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I came to know from a senior in my lab that he once submitted a paper in Applied Mathematics in one of SIAM journals and the review came after 9 months and the review was like the following:

  1. Reviewer 1: The problem is well-motivated and the paper contains original results which deserve to be published.

  2. Reviewer 2: The contribution of the paper does not satisfy the journal standards and should be rejected.

He showed me the reviews from his email. Overall the paper got rejected saying that it is not good enough (quality wise, the paper is in the scope of SIAM) for SIAM. My question is that why to keep somebody waiting for 9 months for such rejection. Is the message that "Unless you are completely sure that it is a path-breaking work don't send to SIAM, otherwise you will not get any comment if the paper is rejected and hence it will be time waste ".

I am a PhD student, not aware of much about journals. Sorry if the question is inappropriate.

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    Were the reviews really one-liners, or have you summarized them? I would expect at least a half-page report for a paper that has been under review for such a long time. – Federico Poloni Feb 16 '17 at 14:01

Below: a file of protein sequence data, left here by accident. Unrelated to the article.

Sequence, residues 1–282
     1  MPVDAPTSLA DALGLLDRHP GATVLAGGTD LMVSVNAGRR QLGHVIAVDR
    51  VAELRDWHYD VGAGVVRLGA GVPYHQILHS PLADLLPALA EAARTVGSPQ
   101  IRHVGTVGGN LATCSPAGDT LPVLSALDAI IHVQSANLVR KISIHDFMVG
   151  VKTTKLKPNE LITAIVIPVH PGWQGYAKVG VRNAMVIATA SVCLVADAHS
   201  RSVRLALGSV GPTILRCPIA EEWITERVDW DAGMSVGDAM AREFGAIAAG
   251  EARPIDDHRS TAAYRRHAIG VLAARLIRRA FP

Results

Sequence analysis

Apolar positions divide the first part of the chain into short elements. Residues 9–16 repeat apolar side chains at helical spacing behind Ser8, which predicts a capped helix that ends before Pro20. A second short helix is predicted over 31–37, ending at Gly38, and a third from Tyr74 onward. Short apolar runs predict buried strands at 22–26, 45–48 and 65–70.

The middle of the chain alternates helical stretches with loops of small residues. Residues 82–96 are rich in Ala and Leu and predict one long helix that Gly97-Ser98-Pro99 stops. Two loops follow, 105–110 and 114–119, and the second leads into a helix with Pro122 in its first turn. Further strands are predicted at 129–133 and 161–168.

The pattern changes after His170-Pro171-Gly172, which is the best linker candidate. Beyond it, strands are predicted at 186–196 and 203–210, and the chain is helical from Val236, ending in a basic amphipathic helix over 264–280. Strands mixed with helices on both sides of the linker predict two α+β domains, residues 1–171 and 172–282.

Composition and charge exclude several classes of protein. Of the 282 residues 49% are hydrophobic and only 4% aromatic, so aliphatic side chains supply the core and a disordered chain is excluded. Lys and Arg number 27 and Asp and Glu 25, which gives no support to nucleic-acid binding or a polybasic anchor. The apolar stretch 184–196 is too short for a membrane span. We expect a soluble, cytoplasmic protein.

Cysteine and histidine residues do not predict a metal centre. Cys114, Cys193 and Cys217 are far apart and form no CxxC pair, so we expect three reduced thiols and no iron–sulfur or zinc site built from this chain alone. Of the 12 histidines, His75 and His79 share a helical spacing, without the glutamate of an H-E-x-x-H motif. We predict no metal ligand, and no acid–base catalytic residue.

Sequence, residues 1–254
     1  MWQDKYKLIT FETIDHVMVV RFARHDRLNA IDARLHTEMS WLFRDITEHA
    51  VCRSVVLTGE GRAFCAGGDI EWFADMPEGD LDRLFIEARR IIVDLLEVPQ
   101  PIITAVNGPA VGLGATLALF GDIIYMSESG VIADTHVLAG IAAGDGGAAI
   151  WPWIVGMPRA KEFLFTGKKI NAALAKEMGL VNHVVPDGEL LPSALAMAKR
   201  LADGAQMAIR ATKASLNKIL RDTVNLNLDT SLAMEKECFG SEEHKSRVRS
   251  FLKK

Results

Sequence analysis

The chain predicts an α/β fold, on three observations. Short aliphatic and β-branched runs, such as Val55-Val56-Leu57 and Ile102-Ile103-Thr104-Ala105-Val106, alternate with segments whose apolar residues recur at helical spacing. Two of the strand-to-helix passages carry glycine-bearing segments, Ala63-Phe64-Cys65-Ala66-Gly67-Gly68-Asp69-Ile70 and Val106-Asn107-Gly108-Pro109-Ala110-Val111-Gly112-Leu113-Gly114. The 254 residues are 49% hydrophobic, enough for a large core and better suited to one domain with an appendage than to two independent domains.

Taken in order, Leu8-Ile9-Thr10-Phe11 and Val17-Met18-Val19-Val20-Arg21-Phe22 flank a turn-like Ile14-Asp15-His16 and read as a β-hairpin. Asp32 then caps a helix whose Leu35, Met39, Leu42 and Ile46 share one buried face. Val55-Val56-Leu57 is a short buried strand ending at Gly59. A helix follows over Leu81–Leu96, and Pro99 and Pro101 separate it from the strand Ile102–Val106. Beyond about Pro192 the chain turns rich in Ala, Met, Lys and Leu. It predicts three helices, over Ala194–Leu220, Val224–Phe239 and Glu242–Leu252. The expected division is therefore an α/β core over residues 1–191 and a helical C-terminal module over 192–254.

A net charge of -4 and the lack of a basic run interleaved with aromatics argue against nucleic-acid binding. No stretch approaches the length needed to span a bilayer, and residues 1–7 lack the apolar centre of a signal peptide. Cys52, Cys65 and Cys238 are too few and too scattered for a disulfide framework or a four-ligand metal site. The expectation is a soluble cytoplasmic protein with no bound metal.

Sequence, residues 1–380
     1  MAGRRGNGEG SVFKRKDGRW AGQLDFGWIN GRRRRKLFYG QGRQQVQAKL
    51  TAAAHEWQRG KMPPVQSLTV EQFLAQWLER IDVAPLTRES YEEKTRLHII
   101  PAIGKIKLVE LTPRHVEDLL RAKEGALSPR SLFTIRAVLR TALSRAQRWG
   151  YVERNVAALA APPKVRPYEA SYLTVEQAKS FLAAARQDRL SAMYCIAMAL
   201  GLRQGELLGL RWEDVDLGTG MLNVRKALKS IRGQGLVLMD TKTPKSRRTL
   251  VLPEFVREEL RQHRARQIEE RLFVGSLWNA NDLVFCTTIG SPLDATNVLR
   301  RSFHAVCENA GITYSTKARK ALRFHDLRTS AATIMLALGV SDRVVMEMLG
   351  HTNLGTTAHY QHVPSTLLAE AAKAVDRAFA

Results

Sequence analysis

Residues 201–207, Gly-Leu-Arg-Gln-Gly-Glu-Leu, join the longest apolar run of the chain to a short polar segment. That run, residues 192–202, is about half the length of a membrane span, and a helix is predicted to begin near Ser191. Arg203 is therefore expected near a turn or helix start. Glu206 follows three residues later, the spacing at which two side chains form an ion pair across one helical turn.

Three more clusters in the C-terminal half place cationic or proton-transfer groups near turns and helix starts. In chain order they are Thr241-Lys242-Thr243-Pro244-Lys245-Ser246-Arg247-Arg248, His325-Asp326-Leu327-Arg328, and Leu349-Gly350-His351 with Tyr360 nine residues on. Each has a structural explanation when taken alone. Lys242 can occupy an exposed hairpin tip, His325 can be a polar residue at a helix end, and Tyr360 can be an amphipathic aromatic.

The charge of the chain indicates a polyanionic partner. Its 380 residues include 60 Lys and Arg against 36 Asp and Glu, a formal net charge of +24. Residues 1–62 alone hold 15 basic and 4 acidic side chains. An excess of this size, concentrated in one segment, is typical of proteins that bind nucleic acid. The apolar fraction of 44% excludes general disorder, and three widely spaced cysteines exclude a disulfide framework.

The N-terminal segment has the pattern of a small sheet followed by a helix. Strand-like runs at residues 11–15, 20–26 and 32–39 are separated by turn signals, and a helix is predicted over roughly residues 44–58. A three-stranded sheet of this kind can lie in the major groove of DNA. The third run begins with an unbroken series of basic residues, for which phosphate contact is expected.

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    One of article passed two reviews, but one of associate Editor was against the publication of works. So despite 2 successive positive reviews by 4 different reviewers my work still got rejected after 7 months. So dear it happens very often, don't feel discouraged, submit to another journal. – IgotiT Feb 16 '17 at 14:04
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    A two line review is not a sufficient review, I am not in maths, but I will rank any journal that gives decision over total of 4 lines of review very poorly. This might happen due to working on a remote field and the editor couldn't find any willing reviewers for your paper. – Cem Kalyoncu Feb 16 '17 at 16:26
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    Regarding the timing: You only get a decision when all (usually at least two) reviews are in. This means it is entirely possible that reviewer 1 sent their reply after four weeks, but reviewer 2a never replied -- nor did reviewer 2b, 2c etc., until reviewer 2f was pressured into giving a report on short notice (which they did) so you only had to wait nine months. – Christian Clason Feb 16 '17 at 21:56